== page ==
Because reflection redirects light more effectively, the sensor’s quantum efficiency is much greater. And, because reflection is independent of wavelength, this type of detector preserves the material’s natural absorption spectrum. This can be substantially wider than a grating coupling bandwidth. Similarly, the same pixel geometry and fabrication process are applicable to all C-QWIP material designs because designers do not need to match any grating cavity modes to sensor wavelengths.

 

A C-QWIP infrared image shows a man pouring a cup of hot liquid, which is shown as bright white imagery, into an empty cup. The man had shifted his grip on the receiving cup as he began to pour; note the image of his fingerprints where he previously had been holding it.

Consequently, the new sensors need not be calibrated in the field. Choi points out that the sensors can be calibrated once in the factory, after which they are ready for use without further calibration.

As with all photon detector sensors, a C-QWIP device requires some degree of cooling. However, it does not require any exotic or elaborate means beyond those of conventional infrared sensors, Choi says.

Being able to build a better device that requires less maintenance and is less expensive than conventional models begs the question of why this technology has not been exploited more fully. Choi suggests that a reluctance to abandon traditional infrared technology has inhibited a move toward C-QWIP systems. He points out that a form of this technology already is popular in Europe on both civilian and military platforms.

The ARL has teamed with L-3 Communications Corporation, Mason, Ohio, to produce a functioning system. The company has incorporated an ARL C-QWIP into its own camera technology to produce an infrared scope. A licensing agreement is under negotiation, and L-3 has completed necessary infrastructure installation to begin mass production of both the sensor and its imaging device.

The first Army deployments will feature 1-megapixel C-QWIP devices that operate in wavelengths of from 8.3 microns to 11.6 microns, Choi reports. Long-wave infrared imaging, which traditionally has lagged other bands in megapixel resolution, is advantageous in that its sensitivity degrades less at colder ambient temperatures. It also provides better imagery through some atmospheric obscurants, and it shows less blooming when a thermal event erupts amid an imaging scene. The first flight tests of these sensor systems are scheduled for September. As bigger arrays are developed, the systems can be upgraded.

While the ARL is working on developing 4-megapixel sensors, that limit is not imposed by the detector technology, Choi explains. The sensor’s signal processing is the roadblock to even higher resolution C-QWIP sensors. If the electronic circuitry can keep up with the detectors, than sensor performance can improve dramatically. The large number of pixels combined with high frame rates requires the use of high-speed electronic components, and the availability is limited for those types of components that also offer low noise. L-3 currently is developing low-noise, high-speed sensor electronics for C-QWIP sensors.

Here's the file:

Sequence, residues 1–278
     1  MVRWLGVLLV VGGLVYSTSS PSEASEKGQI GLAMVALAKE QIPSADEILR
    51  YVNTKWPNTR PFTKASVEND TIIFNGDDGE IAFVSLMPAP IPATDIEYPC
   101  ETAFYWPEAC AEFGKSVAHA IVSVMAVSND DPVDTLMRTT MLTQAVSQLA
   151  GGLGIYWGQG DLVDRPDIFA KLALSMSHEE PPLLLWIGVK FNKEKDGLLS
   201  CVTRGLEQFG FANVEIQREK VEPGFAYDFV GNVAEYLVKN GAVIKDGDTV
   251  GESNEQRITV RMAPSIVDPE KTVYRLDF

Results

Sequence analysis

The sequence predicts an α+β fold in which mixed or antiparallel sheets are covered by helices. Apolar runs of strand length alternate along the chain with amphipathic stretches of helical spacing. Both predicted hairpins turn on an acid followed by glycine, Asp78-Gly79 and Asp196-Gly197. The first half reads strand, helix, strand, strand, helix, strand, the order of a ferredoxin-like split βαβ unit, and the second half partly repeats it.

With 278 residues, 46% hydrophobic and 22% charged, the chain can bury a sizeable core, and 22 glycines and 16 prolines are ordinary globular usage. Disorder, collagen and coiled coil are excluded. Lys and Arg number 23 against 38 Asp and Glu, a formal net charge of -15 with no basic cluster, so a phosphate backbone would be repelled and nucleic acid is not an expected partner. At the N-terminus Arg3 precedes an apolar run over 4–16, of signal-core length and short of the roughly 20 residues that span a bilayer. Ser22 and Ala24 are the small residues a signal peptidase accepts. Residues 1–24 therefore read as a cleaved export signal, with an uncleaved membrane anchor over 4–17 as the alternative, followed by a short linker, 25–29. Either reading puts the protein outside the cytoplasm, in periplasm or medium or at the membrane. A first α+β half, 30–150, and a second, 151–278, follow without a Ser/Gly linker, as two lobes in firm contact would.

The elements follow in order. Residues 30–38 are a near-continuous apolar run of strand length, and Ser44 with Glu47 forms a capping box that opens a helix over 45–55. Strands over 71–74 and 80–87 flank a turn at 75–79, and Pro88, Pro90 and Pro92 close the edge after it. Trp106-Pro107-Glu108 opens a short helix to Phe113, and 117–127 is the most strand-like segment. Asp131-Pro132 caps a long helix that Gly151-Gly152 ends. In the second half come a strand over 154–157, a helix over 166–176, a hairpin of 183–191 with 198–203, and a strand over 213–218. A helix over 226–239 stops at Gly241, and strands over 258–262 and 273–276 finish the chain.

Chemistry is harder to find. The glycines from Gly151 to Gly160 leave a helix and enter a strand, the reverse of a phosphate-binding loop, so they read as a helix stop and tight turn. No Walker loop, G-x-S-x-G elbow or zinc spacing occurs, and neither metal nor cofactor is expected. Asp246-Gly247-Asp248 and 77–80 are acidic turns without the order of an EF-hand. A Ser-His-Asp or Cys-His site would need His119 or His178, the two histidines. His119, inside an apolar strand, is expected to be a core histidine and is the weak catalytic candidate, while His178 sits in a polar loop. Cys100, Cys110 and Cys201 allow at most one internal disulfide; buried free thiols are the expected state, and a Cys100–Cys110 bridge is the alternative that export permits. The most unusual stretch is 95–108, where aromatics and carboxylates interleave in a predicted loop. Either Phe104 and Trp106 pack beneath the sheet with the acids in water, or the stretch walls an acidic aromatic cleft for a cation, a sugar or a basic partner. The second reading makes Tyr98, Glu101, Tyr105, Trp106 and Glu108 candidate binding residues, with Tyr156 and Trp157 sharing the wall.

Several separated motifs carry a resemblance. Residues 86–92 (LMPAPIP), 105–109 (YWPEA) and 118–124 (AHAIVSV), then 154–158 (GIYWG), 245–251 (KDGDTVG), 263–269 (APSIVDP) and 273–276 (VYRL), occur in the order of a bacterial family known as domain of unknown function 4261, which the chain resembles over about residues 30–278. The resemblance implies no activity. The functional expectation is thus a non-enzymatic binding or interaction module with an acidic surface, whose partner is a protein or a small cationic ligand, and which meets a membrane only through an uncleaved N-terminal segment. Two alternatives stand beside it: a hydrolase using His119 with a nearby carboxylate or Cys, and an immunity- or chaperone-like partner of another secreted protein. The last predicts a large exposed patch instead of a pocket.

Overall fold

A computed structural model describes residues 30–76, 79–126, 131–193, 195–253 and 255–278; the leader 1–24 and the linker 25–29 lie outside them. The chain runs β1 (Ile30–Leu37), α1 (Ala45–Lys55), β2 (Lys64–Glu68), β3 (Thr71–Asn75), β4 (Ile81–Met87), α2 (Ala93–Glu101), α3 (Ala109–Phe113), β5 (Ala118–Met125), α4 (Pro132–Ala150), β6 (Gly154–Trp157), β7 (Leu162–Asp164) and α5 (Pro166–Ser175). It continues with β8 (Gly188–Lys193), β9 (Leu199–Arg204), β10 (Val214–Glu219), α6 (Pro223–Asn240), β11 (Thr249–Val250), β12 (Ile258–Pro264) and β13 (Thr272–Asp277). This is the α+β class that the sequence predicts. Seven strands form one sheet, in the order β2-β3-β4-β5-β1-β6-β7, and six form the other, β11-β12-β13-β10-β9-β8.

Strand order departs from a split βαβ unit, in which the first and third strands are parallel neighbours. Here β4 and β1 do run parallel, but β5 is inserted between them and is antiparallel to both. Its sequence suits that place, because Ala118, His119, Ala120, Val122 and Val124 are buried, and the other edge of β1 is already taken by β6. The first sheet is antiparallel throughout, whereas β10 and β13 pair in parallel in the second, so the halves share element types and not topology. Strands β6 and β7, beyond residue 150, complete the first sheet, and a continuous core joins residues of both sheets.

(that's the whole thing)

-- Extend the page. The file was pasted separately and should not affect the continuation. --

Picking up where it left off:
After the 4-megapixel sensor is developed, ARL researchers will focus on other improvements. These include being able to detect more wavelengths, such as broadband focal plane arrays for spectroscopy. Another target is the development of medium-wave/long-wave two-color focal plane arrays. Ultimately, researchers hope to develop C-QWIP sensors for very-long-wavelength infrared that could be used by astronomers to detect cold objects in space. These would be useful both for missile defense and for deep-space astronomy. Some C-QWIP sensors already have proved their worth recording missile launching and intercept imagery.

Turning to Earth, NASA has been evaluating C-QWIPs for use on a future Landsat remote sensing satellite. The Landsat 8 Earth observer currently is slated for launch in December 2012. The C-QWIP units delivered for evaluation have met all mission requirements, Choi offers.

The ARL’s C-QWIP technology also has commercial applications, Choi adds. Security applications are high on that list, particularly for facility and border security. Industry can use it for inspections and quality control as well as for robotic guidance. Natural resources observation and mineral exploration also could benefit.